Syrian Civil Defense, which is leading rescue efforts in northwest Syria said the delivery was normal aid and didn’t include specialized assistance or excavation tools.
The White Helmets, an aid group operating in the region outside of government control, said Syrians “desperately need equipment to save lives.”
Experts Are Being Deployed By The UN
U.N. Secretary-General Antnio Guterres said Thursday that humanitarian needs in northwest Syria were already at their highest since the civil war began. “And we’re committed to doing much more,” Guterres told reporters as the United Nations deploys disaster assessment experts, coordinates search-and-rescue teams, and sends emergency relief.
10,000 Turkish Lire For Families
In Turkey, President Recep Tayyip Erdogan visited Gaziantep on Thursday, where residential blocks were destroyed by the quakes and Osmaniye and Kills.
Considering the magnitude and impact of the disaster we have experienced there may be delays and shortcomings,” he said.
Government sources estimate that more than 8000 buildings were destroyed and Erdogan pledged the Turkish government would offer families 10,000 Turkish lire or about $530.
According to Foreign Minister Mevlut Cavusoglu, nearly 100 countries and hundreds of nongovernmental organizations have provided medical aid to Turkey while more than 6,300 emergency personnel have arrived from 56 countries. Turkey also received $1.78 billion in relief and recovery aid from the World Bank.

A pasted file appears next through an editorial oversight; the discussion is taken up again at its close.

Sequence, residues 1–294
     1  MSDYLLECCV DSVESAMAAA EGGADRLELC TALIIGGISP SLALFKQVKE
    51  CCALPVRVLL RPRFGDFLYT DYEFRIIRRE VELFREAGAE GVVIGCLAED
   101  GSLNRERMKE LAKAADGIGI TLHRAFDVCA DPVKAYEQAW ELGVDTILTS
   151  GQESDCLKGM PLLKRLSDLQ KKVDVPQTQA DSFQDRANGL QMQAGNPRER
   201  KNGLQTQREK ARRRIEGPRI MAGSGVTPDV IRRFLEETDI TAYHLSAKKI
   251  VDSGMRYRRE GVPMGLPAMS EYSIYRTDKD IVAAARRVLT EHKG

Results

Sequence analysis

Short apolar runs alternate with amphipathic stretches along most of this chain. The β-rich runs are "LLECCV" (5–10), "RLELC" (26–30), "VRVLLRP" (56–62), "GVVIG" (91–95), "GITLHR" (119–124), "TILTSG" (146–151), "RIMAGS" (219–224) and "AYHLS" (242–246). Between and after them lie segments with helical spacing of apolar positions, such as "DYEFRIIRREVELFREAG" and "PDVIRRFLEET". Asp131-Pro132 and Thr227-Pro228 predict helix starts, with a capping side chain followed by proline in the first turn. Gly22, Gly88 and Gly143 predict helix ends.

U.S. disaster response teams helped with search-and-rescue operations in Adiyaman. USAID administrator Samantha Power announced the United States will provide $85 million in humanitarian assistance to Turkey and Syria.
Children Are The Most Affected By The Lack Of Equipment
Aid agencies distributed tents and blankets to survivors in southern Turkey; families with missing loved ones sifted through debris without assistance heavy equipment has taken days to arrive in some locations.
Mohammed Farhan Khalid, the leader of a Pakistani rescue team in Adiyaman compared the Turkish earthquakes to a 2005 quake in Kashmir that killed tens of thousands.
Several children have also been orphaned by the disaster. Sixteen babies were flown from Kahramanmaras in the south to Ankara to be cared for by state institutions.
The internet-monitoring group Net Blocks later reported that Twitter services were restored after Turkish policymakers met with Twitter officials on Wednesday.
Erdogan is facing an election in a few months, and recovering from the earthquakes will be a major test of his decades-long grip on power.
A three-month state of emergency began Thursday in 10 quake-affected provinces in Turkey, after a vote in the Turkish parliament. Turkey’s disaster management agency quoted Erdogan as saying the declaration would allow authorities to stop people from looting stores and take action against groups trying to profit from the tragedy.